I think my main gripe at the moment is that I don't agree with all the hatred directed at many of the problems we have are long-term and economic disaster zones like Bradford do not have magic wand fixes. Galloway and his type will promise them - the media should be carfeul as we could easily get 1930's politics again from here.

Anonymous said...

Working in Bradford the impact to the community is readily apparent.

Right outside the cathedral is a great big hole, 50 foot deep, 200 yards around, with hoarding all around it.

Its akin to Paternoster Square being dug up, boarded up, and left with no plans to fill in the gap for the forseable future.

And then the residents see all the stuff in the press about the Westfield 2012 Olympics and know how much money the company will be making off the back of that???!

Its economics of course. So you can't blame Westfield for that. But is it morally right??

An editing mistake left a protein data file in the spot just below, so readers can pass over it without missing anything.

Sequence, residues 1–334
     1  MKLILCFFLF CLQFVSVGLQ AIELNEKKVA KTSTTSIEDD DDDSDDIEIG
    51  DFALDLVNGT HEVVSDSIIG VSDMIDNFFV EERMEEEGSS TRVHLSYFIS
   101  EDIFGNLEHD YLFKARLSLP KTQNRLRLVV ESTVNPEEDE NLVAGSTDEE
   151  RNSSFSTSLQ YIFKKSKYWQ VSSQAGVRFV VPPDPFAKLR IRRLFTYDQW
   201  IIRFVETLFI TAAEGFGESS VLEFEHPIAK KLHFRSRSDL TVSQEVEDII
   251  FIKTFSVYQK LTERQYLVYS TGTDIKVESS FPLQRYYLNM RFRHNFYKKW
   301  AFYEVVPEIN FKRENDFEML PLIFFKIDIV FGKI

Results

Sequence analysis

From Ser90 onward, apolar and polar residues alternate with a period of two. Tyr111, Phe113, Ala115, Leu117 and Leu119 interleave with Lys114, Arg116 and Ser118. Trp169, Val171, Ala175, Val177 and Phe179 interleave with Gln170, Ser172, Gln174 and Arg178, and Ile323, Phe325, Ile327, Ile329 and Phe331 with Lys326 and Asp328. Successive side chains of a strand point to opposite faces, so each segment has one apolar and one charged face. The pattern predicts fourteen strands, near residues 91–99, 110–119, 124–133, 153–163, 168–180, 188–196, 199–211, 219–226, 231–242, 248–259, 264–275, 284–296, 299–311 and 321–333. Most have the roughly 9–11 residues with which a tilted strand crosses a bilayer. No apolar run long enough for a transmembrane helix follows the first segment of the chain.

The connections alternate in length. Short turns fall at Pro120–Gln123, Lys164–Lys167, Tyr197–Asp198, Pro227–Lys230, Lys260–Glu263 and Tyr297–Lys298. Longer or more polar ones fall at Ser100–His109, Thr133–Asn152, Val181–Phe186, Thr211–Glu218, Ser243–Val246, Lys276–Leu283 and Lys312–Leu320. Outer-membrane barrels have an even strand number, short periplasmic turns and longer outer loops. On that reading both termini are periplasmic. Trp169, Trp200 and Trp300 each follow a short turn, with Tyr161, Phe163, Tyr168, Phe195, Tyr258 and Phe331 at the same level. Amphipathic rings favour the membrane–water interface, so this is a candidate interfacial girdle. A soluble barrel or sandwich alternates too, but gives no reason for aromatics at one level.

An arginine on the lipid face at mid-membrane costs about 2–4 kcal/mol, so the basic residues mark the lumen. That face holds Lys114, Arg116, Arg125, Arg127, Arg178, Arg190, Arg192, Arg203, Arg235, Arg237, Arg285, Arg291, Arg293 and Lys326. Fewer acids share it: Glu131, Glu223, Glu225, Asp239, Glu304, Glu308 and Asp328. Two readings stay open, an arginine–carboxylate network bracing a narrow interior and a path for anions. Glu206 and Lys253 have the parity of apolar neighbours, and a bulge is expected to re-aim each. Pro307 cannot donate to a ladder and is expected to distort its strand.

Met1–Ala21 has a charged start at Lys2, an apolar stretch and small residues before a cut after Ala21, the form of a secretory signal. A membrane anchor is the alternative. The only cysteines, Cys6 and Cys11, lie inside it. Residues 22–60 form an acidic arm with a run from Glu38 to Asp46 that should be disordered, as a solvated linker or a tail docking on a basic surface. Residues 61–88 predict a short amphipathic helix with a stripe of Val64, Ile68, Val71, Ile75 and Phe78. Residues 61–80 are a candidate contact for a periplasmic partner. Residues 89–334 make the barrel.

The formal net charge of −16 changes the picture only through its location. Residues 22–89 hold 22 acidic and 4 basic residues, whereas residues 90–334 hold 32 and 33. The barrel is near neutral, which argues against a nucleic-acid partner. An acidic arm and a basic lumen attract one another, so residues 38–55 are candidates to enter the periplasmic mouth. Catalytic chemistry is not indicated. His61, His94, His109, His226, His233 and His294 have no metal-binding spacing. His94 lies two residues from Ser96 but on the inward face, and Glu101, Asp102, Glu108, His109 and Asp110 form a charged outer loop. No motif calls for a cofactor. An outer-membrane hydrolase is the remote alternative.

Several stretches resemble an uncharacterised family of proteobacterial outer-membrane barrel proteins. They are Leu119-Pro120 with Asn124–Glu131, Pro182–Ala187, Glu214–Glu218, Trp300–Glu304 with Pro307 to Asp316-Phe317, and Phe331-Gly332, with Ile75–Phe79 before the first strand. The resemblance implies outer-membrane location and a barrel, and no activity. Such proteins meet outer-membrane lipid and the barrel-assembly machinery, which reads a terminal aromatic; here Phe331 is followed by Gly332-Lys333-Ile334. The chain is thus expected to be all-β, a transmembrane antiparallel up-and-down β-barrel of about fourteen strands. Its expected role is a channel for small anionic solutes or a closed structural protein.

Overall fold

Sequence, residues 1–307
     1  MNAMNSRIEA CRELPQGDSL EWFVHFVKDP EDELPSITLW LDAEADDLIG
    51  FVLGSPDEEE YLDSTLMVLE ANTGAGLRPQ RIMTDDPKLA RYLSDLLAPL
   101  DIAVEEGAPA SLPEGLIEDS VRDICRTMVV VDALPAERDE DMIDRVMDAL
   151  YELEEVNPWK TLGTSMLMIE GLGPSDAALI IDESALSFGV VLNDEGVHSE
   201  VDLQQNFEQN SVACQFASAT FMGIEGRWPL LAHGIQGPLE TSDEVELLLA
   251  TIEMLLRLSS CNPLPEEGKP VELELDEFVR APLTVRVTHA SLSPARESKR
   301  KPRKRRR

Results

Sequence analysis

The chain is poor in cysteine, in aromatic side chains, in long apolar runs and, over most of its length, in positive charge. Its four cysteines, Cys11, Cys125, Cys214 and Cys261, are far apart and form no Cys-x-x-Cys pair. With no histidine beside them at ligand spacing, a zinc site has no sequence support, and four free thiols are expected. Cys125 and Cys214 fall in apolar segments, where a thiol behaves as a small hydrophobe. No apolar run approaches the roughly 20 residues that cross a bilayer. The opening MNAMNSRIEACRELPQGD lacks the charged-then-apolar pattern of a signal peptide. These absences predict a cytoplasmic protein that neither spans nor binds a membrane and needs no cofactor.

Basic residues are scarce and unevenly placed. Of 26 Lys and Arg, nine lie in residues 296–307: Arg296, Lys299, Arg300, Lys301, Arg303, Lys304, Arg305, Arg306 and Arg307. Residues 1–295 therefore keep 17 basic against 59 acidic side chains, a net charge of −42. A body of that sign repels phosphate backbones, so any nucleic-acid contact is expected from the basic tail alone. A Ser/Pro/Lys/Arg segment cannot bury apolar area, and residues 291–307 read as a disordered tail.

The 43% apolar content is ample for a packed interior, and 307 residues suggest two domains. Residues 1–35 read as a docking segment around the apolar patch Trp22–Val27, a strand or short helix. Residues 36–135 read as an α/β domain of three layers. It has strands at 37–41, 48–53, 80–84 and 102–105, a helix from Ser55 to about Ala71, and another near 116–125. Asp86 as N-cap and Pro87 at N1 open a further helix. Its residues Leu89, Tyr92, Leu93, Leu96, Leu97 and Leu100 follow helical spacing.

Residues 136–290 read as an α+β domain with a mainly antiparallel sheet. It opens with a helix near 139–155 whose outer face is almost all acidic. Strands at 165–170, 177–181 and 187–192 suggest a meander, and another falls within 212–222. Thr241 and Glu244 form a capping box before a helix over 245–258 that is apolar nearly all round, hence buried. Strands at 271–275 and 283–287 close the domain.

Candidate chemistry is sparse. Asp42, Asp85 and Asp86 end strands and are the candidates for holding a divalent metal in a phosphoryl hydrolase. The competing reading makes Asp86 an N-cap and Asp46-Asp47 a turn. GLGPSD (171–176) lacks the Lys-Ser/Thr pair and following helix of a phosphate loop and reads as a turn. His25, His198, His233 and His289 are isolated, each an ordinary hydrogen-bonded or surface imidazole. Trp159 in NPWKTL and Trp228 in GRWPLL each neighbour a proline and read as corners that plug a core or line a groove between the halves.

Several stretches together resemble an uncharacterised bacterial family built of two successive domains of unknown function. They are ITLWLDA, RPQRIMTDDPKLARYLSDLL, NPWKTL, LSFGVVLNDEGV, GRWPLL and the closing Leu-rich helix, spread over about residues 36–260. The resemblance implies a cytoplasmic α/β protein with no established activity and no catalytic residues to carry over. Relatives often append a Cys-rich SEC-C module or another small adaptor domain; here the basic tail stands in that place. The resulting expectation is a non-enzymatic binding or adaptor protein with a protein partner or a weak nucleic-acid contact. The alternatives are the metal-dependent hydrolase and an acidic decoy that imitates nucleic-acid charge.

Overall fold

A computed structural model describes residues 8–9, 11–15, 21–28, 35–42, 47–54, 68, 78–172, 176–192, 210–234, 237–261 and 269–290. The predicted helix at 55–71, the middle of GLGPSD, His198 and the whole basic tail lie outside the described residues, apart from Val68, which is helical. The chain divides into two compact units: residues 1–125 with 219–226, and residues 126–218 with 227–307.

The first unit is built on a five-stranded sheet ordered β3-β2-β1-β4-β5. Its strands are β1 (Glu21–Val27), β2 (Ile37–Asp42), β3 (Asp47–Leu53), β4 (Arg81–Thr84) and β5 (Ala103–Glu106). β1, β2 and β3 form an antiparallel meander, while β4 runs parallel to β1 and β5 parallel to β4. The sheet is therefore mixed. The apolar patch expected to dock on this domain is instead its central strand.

Budgie said...

One problem with Bradford (like other provincial UK cities) is that all the taxes (40% of GDP) are sucked out and sent to London.

As is the way of bureaucrats a lot of this tax money sticks to the apparatchiks' fingers, and never makes it back to the provinces.

Except of course by way of a few grants, formulas, JSAs, etc; for which the recipients are meant to be supremely grateful; and for which the good burghers in London and the SE, primed by MSM propaganda, gnash their collective teeth at how idle and pampered the provinces are.

CityUnslicker said...

Anon, thanks for that. I am not sure where morals come into this. What the Council needs to be doing is recognising the economic failure and doing something about it.
Voting for populists will not sort out these problems, but I can understand the frustration with the 3 current parties failures.

CityUnslicker said...

Budgie, agree and disagree. Of course, high taxes, nationally collected are not good for ANY local areas.

But, worse than you say really, the Central Govt then uses these as bribes for political purposes in local regions - all very pork barrell and sordid.